Warner Bros. Pictures released the 60s spy/action movie The Man From U.N.C.L.E. in the dead of summer – August 14 to be exact. Coming after a summer of loud, effects-filled blockbusters, and the earlier action/spy movie Kingsman, it had a lot to live up to and the late summer release wasn’t very helpful.
Also probably not helpful for audiences coming off of a summer buzz of Jurassic World, Furious 7 and Avengers: Age of Ultron was the mostly unknown quantity of the reboot of the classic TV series from the late 1960s and that very specific 60s period setting. With mostly positive reviews on Rotten Tomatoes, not to mention our own rave right here, the film sunk like a rock at the box office. Not even the star power of Henry Cavill, Armie Hammer and director Guy Ritchie could drag audiences to the theater. I’m of the mind that had Warner Bros. waited to release the film in mid-September, it would have done much better.
As it is, you can go back and read our review of the film but we still stand by our assessment that it is a clever, rip-roaring good time, with spot-on period detail, a terrific musical score evoking the era, and some stylish direction from Ritchie, not to mention a great cast who all perfectly fit the era of the film. If you missed it on the big screen, now is the time to check it out on the small screen with the Warner Bros. Home Entertainment release of The Man From U.N.CL.E. on Blu-ray and DVD (a Blu-ray combo pack was generously provided by WBHE for this review).
The film itself looks and sounds stunning on Blu-ray. The 1080p video encode is well balanced, reflecting the various color schemes of the film (from the bland greys for the East Berlin sequences to the brighter colors of the Italian scenes) with nicely deep blacks for all of the nighttime scenes. Detail is sharp, skin tones are natural, and there is nothing to complain about in the way of video artifacts or noise. The image even has a soft grain to it to give it a real film-like look even though this is the first Guy Ritchie film to be shot completely digitally.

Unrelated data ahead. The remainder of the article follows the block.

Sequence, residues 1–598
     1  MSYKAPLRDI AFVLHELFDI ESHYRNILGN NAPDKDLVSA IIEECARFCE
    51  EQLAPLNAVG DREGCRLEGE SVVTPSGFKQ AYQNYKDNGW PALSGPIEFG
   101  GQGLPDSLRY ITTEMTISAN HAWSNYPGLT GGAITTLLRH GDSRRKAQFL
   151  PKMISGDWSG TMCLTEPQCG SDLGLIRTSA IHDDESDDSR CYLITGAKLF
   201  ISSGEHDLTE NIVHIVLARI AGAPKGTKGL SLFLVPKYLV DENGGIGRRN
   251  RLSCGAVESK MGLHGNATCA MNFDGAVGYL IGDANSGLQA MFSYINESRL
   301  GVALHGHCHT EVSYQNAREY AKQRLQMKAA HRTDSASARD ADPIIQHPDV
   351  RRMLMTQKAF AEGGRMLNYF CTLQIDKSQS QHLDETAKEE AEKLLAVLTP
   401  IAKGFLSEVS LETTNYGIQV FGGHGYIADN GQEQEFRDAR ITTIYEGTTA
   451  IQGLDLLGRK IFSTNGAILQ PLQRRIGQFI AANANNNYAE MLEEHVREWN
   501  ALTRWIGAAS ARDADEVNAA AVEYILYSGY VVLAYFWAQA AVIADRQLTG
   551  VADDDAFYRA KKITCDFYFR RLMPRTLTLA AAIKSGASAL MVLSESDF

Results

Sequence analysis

The Blu-ray comes with a Dolby Atmos soundtrack with a core Dolby True HD 7.1 mix. The 7.1 mix is outstanding, keeping the dialog crisp and clear right in the center, always easy to understand even with the various accents of the characters. Ritchie plays with this sound design, including some scenes that have no dialog at all (just stylized subtitles) but are enhanced by the use of music, which envelops the viewer with the surrounds. One scene featuring two characters in a car has no audible dialog, just subtitles, until a window is rolled down. A great use of sound and the absence of sound for this movie.
The Blu-ray contains a number of extras, although none of them reach the ten minute mark. Short as they may be, they are crammed with interesting information.
- Spy Vision: Recreating 60’s Cool (8:34) – Cast and crew look at the process of creating the fashions of the 60s era, the attention to detail in the production design and actually building cars that looked like they have been driven.
- A Higher Class of Hero (7:13) – A behind-the-scenes look at Guy Ritchie un-choreographing a fight scene, and how they achieved some of the action scenes including the Berlin car chase, which very often put the actors in the vehicles while the stunts were performed, both on set and against green screen.
- Métisse Motorcycles: Proper – And Very British (4:49) – Armie Hammer visits the Métisse company which built the motorcycle he rides in the movie to see how they built his and have been building custom bikes for decades.
- The Guys from U.N.C.L.E. (4:57) – A short featurette singing the praises of Henry Cavill and Armie Hammer, who were both more than happy to do the bulk of their own stunts.
- A Man of Extraordinary Talents (3:16) – Cast talks about Guy Ritchie’s filmmaking style, including his affinity for chess and guitar playing between set-ups.
- UNCLE: On-Set Spy (5:16) – Short on-set segments including “Don’t Swim Elegantly,” “You Want to Wrestle?”, “Heli Restored” and “A Family Thing.” Interesting fact: The helicopter used in the film was the same one Honor Blackman piloted in Goldfinger.
Also included on the Blu-ray is the trailer for Batman v Superman: Dawn of Justice.
The Man From U.N.C.L.E. cost Warner Bros. about $75 million to make (and that doesn’t include the promotional budget) but only brought in $105 million worldwide, making the prospects of a sequel pretty dismal. The film was definitely set up as the first in a series since the concept of U.N.C.L.E. isn’t even introduced until the film’s final seconds. Here’s hoping fans of Ritchie, Cavill, Hammer and spy movies in general will discover the movie on home video and give the studio something to think about as far as a series is concerned.